After a decade, Flexjet is firmly in the black

 - November 13, 2006, 10:14 AM

As recently as four years ago, some observers openly questioned whether Bombardier’s Flexjet fractional ownership operation would still be around in 2006. Today, not only is Flexjet open for business, but it has turned the corner and achieved solid profitability–a milestone accomplishment in the fractional world.

Michael McQuay, president of Flexjet and the Skyjet charter operation, said the company this year became “operationally profitable” for the first time. “We’re having the best year in our history,” he said. “Sales of shares are up 28 percent and revenue is up 30 percent over 2005,”–a year during which Flexjet showed its first positive income, although it was an admittedly small profit.

This will be Flexjet’s first year of “complete profitability” under a new accounting standard that allows reporting of only part of a sale in a given year. When you’re selling fractions of jets, being able to report the sale of a single share on that year’s ledger makes a difference, McQuay noted. But at the end of the day, making a profit on the operation is what’s most important.

“Relying on rollover of sales of shares is a house of cards,” he said. “Churning doesn’t bring real income. Your day-to-day operations have got to be profitable. It’s literally the difference between whether you’re running a successful business or just existing. We began with a refocus on the operational integrity of our business, starting by identifying demand requirements of our owners, and placing assets at sites where we know demand will be present.” (The term churn refers to the rollover rate of fractional customers for a given time period.)

McQuay said that Flexjet’s operations have become profitable for several reasons. “We have a very strong sold to in-service ratio. That is, the airplanes in our fleet are flying and are not merely a bunch of excess inventory. Six years ago we had nearly 20 percent of our fleet in inventory. Now we have backlog [share buyers awaiting new aircraft deliveries] for most models.” Flexjet’s “load factor”–the ratio of shares sold to those available–will be the equivalent of 81 fully sold aircraft by year-end, he said. The current Flexjet fleet numbers 84 business jets.

But profitability didn’t come easy, McQuay noted. “The two biggest  expense trouble areas are deadhead legs and charter,” he said. Flexjet has achieved the lowest deadhead rate among all major fractionals with a range between 36.5 percent and 38.2 percent, McQuay said, and has the lowest charter rate, at 3.7 percent for the year to date, before the peak holiday season. “Even then, we’ll still be below our five-percent guarantee [stating that owners will be forced to fly charter no more than 5 percent of the time], and Flexjet is the only one to offer this charter limit guarantee.”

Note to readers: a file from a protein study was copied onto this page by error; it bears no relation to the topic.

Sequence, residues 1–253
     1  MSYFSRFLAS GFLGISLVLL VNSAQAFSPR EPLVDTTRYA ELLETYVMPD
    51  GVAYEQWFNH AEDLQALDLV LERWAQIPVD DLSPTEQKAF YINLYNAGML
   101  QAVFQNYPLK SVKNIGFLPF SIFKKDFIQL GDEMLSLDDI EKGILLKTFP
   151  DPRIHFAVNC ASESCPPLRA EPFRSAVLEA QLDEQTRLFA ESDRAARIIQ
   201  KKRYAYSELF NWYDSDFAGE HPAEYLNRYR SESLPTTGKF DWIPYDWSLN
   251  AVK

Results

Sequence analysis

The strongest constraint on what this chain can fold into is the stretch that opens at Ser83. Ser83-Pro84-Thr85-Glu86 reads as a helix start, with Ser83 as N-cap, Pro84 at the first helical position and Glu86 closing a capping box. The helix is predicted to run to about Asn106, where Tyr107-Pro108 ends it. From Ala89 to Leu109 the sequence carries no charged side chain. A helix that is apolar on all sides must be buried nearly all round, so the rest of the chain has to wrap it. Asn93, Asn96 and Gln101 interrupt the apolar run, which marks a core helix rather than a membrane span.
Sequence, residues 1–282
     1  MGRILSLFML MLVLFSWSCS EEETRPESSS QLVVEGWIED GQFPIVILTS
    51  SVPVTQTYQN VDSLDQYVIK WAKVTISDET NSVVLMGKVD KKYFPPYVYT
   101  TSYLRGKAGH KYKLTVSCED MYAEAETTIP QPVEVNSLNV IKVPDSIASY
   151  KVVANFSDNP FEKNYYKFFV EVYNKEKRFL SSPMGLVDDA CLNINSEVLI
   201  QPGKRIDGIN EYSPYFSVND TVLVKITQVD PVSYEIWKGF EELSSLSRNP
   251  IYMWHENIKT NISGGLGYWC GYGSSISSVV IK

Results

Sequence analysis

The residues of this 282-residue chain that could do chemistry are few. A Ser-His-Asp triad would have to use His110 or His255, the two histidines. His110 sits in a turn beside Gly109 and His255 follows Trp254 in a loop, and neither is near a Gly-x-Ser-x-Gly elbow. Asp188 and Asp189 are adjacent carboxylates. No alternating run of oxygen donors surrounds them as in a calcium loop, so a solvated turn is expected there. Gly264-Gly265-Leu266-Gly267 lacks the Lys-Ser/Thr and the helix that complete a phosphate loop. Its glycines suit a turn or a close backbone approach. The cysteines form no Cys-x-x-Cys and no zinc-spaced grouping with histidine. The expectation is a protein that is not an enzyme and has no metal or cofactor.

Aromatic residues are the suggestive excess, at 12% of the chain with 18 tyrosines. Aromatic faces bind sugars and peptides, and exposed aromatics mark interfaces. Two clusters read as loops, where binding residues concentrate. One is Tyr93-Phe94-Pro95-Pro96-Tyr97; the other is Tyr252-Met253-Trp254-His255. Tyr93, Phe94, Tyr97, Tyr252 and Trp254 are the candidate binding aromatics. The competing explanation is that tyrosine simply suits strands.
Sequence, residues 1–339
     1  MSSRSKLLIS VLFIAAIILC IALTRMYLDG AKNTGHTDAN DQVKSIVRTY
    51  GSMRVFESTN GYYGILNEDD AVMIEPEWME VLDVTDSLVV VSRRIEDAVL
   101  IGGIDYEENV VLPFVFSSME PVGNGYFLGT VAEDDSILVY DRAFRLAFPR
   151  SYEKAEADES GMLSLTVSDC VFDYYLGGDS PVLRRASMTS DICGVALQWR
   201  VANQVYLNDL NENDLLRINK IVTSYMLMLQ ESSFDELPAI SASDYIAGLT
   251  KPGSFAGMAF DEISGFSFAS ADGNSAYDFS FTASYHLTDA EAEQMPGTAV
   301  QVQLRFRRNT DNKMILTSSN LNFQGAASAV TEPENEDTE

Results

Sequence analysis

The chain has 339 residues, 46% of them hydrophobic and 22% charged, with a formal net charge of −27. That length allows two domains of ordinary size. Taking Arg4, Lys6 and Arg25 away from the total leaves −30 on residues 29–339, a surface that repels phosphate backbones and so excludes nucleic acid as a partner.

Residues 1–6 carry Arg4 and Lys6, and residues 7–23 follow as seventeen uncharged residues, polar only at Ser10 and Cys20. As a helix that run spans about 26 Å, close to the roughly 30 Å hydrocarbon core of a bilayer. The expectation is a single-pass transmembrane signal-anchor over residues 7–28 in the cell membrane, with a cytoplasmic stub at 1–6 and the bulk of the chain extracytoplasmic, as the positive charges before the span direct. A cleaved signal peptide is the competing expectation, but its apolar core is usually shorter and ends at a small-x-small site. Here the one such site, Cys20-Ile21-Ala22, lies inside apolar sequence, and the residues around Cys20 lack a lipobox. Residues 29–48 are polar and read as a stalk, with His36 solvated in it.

He added that Flexjet has the fractional industry’s best on-time departure performance, currently at about 80 percent for all types of delays including weather, and the segment’s best aircraft availability, 81 to 84 percent each day. “I won’t be happy until we get 90 percent,” he said, “and then I probably wouldn’t be happy with that.

Bigger not always Better

“Flexjet does not believe the end game is having the largest fleet,” McQuay continued. “Competitors with larger, diverse fleets are still struggling with profitability. That said, Flexjet is indeed focused on reasonable growth. We expect to reach a fleet size of 100 aircraft in two years’ time and to double sales revenue in the next five years.”

McQuay claimed Flexjet was the first operator to focus flying with only on a small number of models. “An all-Bombardier fleet and efficient fleet typing has been significant in our success,” he said. “Also, four years ago we made a commitment to get aircraft more than five to seven years old out into the pre-owned market, and to focus on having one of the newest fleets in the industry.” Flexjet’s now averages three-and-a-half-years old.

The fleet includes the Learjet 40 and 45, Learjet 60, Challenger 300 and Challenger 604. Flexjet is taking orders for the upcoming Learjet 60 XR (first quarter next year) and successfully selling shares in the newly configured Challenger 604, with greater seating capacity and a range of new cabin and telecommunications amenities. The new Challenger 605 will enter service in next year’s third quarter, and McQuay said he expects it to be another significant driver of sales, adding that there are no plans to depart from the all-Bombardier-fleet format.

The super-midsize Challenger 300, in the Flexjet fleet since early 2004, is “the fastest selling and best selling aircraft in Flexjet history, the hottest product currently in the fractional market,” McQuay stated. “The lion’s share of our boost in revenue has been driven by customer reaction to the Challenger 300.” He said Flexjet will end the fiscal year with 24 in its fleet and add another seven next year. He credits Challenger 300 design commonality with Bombardier’s regional airline CRJ fleet, both built to rigorous specifications for higher cycles and hours, for “the Challenger 300’s exceptional reliability, running in the mid to upper 90s.” A Flexjet Challenger 300 is on the NBAA static display line at Orlando Executive Airport.

Flexjet entered the year with a market share of approximately 16 percent versus 13.5 percent the previous year, and expects to increase that figure this year. Flexjet claims that it has not lost a single owner to the competition in the last 18 months. Owners who left did so due to lower travel needs, and 95 percent of owners are renewing their contracts.

McQuay said the 5 percent who did not renew included some who have gone into new or previously owned aircraft, and “a couple have elected to move down to jet cards.” At the same time, Flexjet has captured more than 50 customers from competitive programs, he claimed.